Attracting top dental talent
It takes the right people to make a successful dental office
As a dental recruiter, the hardest business decision I ever make is choosing not to work with a practice. If the practice has poor employee morale and is always looking for new hires, there is definitely something wrong. Owners who are excellent clinicians can lack business savvy, which unintentionally creates problems that can be visible to outsiders looking in. In today’s competitive dental marketplace, where candidates are researching potential employers as thoroughly as they themselves are being researched, attracting top talent requires a practice to be the best place to work in the local dental community.
Successful practices must identify their strategic goals and values of the workplace, all while maintaining dynamic operations and a happy workforce. This can be a lot for owners to take on in the midst of treating patients. My advice is to hire an office manager to coordinate these facets of the company so the dentists can focus on dentistry. A good office manager improves the practice by creating customer values; maintaining advanced technology; managing schedules, competitive salaries, and benefits; and perhaps most important of all, doing the hard work of hiring employees who match the practice’s culture and operational needs.
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Finding the best employees is not as simple as posting an ad on Craig’s List or the local newspaper. Here’s an example: Harvard University accepted 2,032 out of 34,302 applicants in the 2011/2012 academic year, for an acceptance rate of 5.9% Yet they reportedly spend 24% of their annual budget on marketing. So why do they spend so much money to promote their business, only to accept a small fraction of the people they’ve successfully convinced into wanting to pay tuition? Harvard maintains a graduation rate of 97% to 98%, an important indicator of a university’s success, and the people who have survived the rigorous academics include100 Nobel Laureates, eight U.S. Presidents, and 62 billionaires. This means the people managing the university figured out how to do two things right — brand Harvard as a highly desirable place for the smartest 18-year-olds on the planet, and admit only those students who are likely to succeed at Harvard.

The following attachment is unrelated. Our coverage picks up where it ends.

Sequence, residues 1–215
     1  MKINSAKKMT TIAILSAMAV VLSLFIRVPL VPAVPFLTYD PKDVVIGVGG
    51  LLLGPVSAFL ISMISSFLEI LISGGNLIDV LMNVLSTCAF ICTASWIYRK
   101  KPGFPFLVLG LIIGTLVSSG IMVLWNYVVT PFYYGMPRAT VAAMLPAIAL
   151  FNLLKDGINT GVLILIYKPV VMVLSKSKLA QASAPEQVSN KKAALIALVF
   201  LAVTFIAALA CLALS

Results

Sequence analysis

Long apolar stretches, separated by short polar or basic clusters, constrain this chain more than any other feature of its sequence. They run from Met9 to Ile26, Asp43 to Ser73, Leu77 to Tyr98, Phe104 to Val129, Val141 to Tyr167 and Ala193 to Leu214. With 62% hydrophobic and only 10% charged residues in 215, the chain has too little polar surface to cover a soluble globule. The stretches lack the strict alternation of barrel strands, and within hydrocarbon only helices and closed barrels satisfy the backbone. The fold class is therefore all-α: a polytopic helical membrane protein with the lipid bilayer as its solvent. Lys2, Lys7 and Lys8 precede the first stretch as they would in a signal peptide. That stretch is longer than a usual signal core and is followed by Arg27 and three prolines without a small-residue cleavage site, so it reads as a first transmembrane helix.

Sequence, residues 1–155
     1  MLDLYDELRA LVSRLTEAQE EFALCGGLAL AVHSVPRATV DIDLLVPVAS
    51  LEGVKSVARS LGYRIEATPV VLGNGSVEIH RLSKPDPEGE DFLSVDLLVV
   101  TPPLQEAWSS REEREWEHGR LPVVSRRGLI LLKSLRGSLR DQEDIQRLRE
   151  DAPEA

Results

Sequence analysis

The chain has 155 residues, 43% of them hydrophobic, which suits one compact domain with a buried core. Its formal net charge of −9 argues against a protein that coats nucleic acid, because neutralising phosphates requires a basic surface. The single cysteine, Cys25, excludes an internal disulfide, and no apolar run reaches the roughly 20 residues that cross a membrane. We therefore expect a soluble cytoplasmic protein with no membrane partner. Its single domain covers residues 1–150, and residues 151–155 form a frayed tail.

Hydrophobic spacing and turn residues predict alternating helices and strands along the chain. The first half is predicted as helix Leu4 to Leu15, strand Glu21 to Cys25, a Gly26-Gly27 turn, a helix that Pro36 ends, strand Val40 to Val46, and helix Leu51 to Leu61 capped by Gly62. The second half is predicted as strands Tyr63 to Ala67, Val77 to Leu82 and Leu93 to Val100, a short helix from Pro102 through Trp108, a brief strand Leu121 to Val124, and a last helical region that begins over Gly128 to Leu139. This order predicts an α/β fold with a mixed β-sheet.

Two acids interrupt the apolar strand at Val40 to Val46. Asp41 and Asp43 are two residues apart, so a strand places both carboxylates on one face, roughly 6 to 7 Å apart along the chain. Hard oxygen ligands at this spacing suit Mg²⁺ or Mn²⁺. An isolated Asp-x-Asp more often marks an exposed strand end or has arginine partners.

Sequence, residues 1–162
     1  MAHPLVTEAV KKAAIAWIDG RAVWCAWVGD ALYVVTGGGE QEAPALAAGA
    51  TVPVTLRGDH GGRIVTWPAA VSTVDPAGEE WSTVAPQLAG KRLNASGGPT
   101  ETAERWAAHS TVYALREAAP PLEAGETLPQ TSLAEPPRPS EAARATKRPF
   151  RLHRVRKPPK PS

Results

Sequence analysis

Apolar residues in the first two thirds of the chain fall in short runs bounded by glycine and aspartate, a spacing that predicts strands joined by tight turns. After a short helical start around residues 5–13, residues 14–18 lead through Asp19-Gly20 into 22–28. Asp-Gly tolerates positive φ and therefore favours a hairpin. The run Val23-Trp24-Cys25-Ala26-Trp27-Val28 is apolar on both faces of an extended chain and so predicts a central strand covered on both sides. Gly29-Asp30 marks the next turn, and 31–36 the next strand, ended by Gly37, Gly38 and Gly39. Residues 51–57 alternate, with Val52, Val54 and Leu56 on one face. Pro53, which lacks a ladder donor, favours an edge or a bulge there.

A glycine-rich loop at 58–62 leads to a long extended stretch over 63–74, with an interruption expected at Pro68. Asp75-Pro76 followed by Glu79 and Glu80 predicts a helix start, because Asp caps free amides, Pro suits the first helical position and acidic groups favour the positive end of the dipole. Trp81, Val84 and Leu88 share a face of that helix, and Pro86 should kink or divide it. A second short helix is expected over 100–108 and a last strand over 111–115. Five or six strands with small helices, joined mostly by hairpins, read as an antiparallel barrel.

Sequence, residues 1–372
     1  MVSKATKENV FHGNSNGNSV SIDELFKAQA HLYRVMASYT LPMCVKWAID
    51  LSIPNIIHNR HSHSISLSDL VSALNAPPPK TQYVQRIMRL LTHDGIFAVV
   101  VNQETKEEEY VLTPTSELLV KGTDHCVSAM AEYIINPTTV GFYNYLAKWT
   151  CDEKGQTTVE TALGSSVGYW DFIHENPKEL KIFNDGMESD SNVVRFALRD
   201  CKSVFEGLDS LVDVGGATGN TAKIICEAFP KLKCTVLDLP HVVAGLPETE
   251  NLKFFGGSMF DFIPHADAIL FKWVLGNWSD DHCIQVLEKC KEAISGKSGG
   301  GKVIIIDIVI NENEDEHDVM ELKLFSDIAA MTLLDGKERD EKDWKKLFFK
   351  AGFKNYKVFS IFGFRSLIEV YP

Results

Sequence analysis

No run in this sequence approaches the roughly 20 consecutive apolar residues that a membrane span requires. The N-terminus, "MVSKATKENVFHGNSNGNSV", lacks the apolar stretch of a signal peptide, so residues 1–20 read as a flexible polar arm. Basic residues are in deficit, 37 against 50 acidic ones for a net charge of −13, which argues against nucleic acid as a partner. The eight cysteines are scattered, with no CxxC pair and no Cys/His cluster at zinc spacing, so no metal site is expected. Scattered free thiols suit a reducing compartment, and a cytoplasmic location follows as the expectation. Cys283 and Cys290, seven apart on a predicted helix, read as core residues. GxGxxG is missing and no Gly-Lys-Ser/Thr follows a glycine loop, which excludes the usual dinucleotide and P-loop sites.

By employing skilled professionals to identify its most attractive qualities, developing a brand that illustrates those qualities, and relentlessly marketing that brand to the audience it seeks, year in and year out Harvard is able to choose from an enormous pool of highly qualified students who then go on to graduate at an impressive rate. I don’t know of any practices that want to spend 24% of their budgets on talent acquisition, nor do they have nearly 400 years of historical image to leverage, but the idea is the same: a practice must identify its most attractive qualities, and then it must hit the pavement with a concerted marketing plan to communicate that brand to top talent who will succeed in that practice.
These are a few ways to market a practice to potential employees:
1) Pay support staff to give presentations at local vocational schools, dental societies, and professional dental organizations. The best employees in a practice can be the best advocates.
2) Set up a booth at the local dental job fair and staff it with employees.
3) Develop partnerships with program directors at local vocational schools to establish externships for high-performing students.
4) Develop professional-grade digital media to promote the practice (i.e., website, newsletter, Facebook, Twitter, YouTube). Share photos and news that illustrate the practice’s personality and successes.
5) Send seasonal employee photos to organizational partners (i.e., earning an award, having fun at a staff event, attending a seminar, or contributing to community functions).
6) Reward employees who successfully refer friends and colleagues for employment at the practice.
7) Consider hiring a dental recruiter to streamline this process and leverage existing relationships to identify the right candidates for the job even more quickly.
Notice how much these look like the duties of a college admissions rep? It takes a lot of work to find the right people for the job. But an office manager can put in the necessary effort without hindering the practice’s time with patients, and as we all know, the benefits of hiring the right employee the first time (and every time) are invaluable. Identify the practice’s work culture (hint: what makes the best employees stay?), determine what the practice needs and what it has to offer, and then put the best, most polished shoe forward to communicate with top talent wherever they are in the community.
Scott E. Graham, MA, CMPE, FAADOM, is the founder and CEO of Dental Recruiters, Inc., a dental recruiting firm. Scott also provides consulting and public speaking. He can be reached at firstname.lastname@example.org or (314) 413-6043.